[ originally posted Oct 31, 2009 @ 6:51, as “10 Words YOU MUST Erase from your Vocabulary” ]
Almost a year ago I received an email about article writing, which itself was presented an example of good article writing. (Most of these American “gurus” are known for blowing their own trumpets.)
As a result of this email, I was inspired to find out whether other people, as well as myself, had elected to remove certain words from their vocabulary. I came across one such article by a woman named Barbara Henry, who explains which ten words she’s “removed”.
For those who’d prefer not to read her article, these are the words she suggests we stop using:
For the most part I agree with those choices: if you think about them (and most people really don’t) they are potentially harmful if used habitually.
I’ve also found that the uses of these words are often dishonest and manipulative. Joseph Matthews (aka the PUA “Thundercat”) mentions in his book, The Art of Approaching, that “can’t” actually means won’t.
Thinking about an incident with one particular recruitment agent who refused to put me forward for a role, that statement rings true.
I have four words that I’ve personally erased from my vocabulary. I challenge you – dare you, even – to avoid saying any of these words for just one day.
I’ve issued a challenge to potential clients to figure out why I’ve erased this ugly word from my vocabulary, and why I think they ought to as well. I also challenge you to figure out why I have an issue with the word “need”.
Bearing in mind that there was previously a weblog entry on DREWspective about the word “need”: if you can’t figure it out, I can conclude three things:
- you use the word “need” a lot;
- there’s really no hope for you;
- you’ll find yourself on my list of people who have to go.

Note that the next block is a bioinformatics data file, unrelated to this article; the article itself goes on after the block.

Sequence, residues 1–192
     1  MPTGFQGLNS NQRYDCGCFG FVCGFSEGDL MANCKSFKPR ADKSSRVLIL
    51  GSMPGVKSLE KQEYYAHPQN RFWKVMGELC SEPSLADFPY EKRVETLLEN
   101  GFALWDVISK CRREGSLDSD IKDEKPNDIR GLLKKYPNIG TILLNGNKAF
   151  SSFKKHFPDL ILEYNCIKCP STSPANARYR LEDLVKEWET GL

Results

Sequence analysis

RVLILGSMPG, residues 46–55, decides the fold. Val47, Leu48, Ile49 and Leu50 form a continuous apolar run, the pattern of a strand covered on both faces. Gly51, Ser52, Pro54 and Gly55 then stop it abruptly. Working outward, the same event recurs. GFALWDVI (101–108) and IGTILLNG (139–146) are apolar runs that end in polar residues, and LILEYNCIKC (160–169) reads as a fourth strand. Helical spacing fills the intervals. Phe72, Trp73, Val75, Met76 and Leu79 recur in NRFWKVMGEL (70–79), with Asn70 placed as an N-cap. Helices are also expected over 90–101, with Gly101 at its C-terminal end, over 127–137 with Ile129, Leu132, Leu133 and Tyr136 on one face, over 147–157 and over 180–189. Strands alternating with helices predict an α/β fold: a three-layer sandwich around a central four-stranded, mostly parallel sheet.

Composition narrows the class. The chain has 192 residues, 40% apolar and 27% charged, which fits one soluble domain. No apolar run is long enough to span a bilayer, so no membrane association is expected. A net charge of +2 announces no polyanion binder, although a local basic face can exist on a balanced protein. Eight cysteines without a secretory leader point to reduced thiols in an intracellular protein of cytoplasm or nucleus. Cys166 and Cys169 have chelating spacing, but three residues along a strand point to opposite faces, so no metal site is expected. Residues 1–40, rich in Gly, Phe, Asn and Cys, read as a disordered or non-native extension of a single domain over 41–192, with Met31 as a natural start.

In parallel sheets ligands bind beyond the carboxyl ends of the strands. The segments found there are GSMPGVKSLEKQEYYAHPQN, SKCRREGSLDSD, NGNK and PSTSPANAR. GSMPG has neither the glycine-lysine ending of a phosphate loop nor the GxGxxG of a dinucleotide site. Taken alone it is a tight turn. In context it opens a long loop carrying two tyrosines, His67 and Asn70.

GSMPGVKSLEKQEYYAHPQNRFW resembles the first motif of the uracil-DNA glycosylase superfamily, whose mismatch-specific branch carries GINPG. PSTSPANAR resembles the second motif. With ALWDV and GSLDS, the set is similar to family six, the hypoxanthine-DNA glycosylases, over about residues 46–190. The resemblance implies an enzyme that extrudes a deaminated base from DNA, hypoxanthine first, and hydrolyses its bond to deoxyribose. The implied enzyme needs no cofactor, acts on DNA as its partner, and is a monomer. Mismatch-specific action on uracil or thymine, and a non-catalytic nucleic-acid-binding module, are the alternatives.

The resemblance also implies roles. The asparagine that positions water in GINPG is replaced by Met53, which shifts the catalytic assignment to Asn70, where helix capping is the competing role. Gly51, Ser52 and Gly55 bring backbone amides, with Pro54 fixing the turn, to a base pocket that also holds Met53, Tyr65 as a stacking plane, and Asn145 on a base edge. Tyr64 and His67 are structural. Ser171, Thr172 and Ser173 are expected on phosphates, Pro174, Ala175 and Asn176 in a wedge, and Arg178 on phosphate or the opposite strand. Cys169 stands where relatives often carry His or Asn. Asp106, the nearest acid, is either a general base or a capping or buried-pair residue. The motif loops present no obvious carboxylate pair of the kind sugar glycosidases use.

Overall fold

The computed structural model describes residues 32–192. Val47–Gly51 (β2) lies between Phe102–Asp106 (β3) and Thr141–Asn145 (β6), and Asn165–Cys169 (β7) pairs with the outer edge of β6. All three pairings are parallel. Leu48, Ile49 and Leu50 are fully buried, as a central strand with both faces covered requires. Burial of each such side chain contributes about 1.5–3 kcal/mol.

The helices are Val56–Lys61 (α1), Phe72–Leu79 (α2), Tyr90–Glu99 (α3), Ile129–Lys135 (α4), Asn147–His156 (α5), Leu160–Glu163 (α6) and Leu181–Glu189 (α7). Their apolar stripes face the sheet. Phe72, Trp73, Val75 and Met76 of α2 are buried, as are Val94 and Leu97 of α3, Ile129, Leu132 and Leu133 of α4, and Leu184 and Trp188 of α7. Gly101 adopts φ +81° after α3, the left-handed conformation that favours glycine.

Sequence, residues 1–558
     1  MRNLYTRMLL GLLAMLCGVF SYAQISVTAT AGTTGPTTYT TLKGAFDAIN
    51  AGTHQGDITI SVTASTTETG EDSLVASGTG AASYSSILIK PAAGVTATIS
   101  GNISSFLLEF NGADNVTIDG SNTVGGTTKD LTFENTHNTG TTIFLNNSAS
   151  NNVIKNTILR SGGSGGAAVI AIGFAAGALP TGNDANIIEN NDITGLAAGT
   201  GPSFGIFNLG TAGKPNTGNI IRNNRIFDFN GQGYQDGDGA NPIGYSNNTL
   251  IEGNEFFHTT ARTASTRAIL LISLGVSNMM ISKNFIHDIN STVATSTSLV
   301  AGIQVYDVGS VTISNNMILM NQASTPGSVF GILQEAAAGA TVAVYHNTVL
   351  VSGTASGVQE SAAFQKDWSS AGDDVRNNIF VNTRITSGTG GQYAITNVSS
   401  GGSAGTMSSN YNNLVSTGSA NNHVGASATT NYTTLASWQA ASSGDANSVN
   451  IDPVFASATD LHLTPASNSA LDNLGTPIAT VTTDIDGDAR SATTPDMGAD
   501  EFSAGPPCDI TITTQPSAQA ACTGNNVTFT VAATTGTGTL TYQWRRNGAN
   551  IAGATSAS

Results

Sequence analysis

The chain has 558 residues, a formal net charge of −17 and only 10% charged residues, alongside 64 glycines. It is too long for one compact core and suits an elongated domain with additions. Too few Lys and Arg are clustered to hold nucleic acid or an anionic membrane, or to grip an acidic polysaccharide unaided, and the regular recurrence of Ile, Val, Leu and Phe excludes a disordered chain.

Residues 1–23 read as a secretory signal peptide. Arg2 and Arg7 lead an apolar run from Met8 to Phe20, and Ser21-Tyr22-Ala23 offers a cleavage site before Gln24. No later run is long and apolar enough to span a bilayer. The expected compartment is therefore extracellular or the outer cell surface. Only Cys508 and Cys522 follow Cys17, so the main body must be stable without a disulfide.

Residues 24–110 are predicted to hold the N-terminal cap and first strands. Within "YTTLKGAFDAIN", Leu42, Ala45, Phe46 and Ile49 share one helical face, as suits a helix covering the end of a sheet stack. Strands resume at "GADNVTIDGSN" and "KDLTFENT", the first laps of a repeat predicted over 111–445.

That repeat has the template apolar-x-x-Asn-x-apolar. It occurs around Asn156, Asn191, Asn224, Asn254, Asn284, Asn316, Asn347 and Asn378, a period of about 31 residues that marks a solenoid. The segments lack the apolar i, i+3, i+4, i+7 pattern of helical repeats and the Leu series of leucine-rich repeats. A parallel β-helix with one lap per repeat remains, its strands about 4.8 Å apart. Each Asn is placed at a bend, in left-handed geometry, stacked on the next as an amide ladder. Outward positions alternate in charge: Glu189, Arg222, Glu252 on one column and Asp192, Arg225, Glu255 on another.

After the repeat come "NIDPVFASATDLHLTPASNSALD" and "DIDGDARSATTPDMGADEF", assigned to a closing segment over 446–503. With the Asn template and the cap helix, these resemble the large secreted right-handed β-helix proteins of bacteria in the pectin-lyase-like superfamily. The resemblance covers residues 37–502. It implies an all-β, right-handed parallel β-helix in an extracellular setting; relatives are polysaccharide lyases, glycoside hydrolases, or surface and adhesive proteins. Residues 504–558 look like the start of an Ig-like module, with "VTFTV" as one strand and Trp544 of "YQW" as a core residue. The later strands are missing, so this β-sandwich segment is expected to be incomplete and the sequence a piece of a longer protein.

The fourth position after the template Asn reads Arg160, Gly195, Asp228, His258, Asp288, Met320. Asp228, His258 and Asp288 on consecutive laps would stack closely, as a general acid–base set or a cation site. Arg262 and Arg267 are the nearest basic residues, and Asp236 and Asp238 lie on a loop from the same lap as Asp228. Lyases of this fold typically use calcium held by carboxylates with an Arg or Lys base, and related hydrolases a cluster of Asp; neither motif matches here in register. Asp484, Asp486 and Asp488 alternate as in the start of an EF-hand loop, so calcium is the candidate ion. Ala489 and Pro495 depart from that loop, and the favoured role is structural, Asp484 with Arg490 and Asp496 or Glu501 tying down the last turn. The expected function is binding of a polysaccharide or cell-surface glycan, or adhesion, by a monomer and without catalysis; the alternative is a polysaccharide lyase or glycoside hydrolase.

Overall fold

I don’t know about you, but I’ve never come across anyone who has said “sorry” and meant it. For me, it’s become a weasel word; the proof being it’s often accompanied by a “lol”.
And it’s because I’ve never seen anyone actually mean it – coupled with never having received a genuine apology – that I’m reluctant to apologise for anything myself.
Whenever I’ve heard the word “stop”, it’s been in a manipulative context: someone trying to “get” someone else to do – or not do – something, as if they know better. I can’t remember the last time I’ve ever used the word.
For the most part, “why” is a useless question. Whereas “how”, “where”, “what”, “who” and “when” are questions used to find out more about something, “why” is accusatory. Someone who asks “why” isn’t interested in the answer, but more about “why” something doesn’t conform to what they already think.
Anyone who throws “why” in my direction is now met with their favourite medicine, silent treatment. Think about the last time someone challenged you with a “why”, and how you felt.
Again, I challenge you to avoid using these words for just one day, and see what a difference it makes.
Which words have you – or could you – removed from your vocabulary?